In past issues of IC we have drawn attention to recent events in China and Russia indicating that economic individualism had been only suppressed, not eliminated or even much weakened, by the attempted imposition of socialism or communism. As soon as the pressure was relaxed “private enterprise” began to function again, to the benefit of the great majority as well as the wealthy few. Since economic individualism is a universal trait we have been awaiting similar news from other countries under regimes flying one or another variety of the Marxist banner. We now learn that Cuba had been developing in the expected way and we had failed to hear of it. According to the Sunday Times of 17 Aug 86 there has been in Cuba “a period of economic and political liberalisation.” Markets have been re-established and small farmers encouraged to sell their surplus produce there. Home ownership has been allowed and restaurants run by private families have been re-opening.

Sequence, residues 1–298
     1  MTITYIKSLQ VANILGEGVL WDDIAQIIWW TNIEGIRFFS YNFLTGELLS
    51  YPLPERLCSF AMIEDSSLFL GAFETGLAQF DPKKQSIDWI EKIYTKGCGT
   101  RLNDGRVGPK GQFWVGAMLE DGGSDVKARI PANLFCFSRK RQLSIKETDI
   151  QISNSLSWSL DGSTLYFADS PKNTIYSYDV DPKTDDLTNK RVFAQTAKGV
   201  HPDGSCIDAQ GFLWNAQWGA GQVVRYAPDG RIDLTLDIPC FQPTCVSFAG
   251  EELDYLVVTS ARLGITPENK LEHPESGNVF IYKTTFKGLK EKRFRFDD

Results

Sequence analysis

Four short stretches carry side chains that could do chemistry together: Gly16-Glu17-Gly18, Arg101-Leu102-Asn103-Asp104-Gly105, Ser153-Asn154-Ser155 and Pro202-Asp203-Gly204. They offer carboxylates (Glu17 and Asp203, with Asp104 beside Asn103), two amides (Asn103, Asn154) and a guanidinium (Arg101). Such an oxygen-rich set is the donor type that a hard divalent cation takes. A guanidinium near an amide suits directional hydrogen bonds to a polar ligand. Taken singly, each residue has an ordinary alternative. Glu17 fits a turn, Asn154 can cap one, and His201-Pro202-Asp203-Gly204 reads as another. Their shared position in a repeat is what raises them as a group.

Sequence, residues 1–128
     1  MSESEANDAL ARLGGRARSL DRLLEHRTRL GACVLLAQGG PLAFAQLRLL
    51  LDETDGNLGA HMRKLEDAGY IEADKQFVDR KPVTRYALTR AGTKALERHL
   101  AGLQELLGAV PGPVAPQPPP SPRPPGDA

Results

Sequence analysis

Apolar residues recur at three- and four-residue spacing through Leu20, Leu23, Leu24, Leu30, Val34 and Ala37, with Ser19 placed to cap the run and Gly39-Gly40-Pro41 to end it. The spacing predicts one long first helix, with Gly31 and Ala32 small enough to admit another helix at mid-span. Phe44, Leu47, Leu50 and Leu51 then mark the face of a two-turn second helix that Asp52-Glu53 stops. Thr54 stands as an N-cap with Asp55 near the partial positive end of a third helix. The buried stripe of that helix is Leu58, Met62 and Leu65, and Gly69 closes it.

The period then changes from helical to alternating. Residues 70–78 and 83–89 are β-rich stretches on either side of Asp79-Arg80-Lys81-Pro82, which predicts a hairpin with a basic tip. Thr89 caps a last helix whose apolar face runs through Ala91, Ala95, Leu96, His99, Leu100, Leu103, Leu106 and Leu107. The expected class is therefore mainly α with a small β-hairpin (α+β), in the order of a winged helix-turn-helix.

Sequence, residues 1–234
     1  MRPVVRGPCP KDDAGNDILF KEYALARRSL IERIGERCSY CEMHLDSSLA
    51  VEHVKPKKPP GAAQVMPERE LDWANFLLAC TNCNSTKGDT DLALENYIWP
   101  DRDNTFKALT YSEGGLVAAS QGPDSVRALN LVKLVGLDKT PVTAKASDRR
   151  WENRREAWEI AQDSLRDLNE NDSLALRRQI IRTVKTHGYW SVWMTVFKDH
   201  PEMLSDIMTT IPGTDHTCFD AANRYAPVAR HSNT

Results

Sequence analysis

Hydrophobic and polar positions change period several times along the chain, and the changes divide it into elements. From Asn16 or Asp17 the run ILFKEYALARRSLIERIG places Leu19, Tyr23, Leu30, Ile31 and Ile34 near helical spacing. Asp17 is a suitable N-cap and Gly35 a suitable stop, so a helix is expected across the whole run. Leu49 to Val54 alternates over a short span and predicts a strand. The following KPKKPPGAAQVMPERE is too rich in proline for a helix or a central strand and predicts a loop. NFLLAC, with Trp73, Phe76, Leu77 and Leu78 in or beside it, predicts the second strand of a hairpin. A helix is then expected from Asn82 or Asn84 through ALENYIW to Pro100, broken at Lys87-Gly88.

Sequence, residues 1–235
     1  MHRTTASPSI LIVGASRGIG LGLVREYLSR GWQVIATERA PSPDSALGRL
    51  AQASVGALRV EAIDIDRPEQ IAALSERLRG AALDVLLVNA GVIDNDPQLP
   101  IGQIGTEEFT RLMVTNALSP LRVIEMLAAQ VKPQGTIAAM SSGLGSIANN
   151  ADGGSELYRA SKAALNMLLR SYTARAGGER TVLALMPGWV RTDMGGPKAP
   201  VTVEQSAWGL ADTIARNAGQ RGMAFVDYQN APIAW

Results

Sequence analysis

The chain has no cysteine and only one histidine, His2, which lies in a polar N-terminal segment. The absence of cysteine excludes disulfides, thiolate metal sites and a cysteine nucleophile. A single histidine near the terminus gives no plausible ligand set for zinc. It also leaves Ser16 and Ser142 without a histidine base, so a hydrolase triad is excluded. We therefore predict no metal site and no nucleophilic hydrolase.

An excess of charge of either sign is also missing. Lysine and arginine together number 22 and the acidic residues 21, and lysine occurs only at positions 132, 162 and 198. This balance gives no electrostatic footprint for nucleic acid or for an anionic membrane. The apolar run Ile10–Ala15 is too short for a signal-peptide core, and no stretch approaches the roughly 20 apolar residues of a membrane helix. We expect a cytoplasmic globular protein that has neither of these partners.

But these relaxations are things of the past. The same source reports that, following visits to Moscow and North Korea in the early part of this year, Castro has clamped down again, putting a stop to the liberalisation.
It remains to be seen how enduring will be this renewed attempt to force Cuba towards communism. There seems to be no good reason for expecting it to last any longer, or to be any more successful, than the efforts of the Chinese or Russian rulers.
from Ideological Commentary 24, November 1986.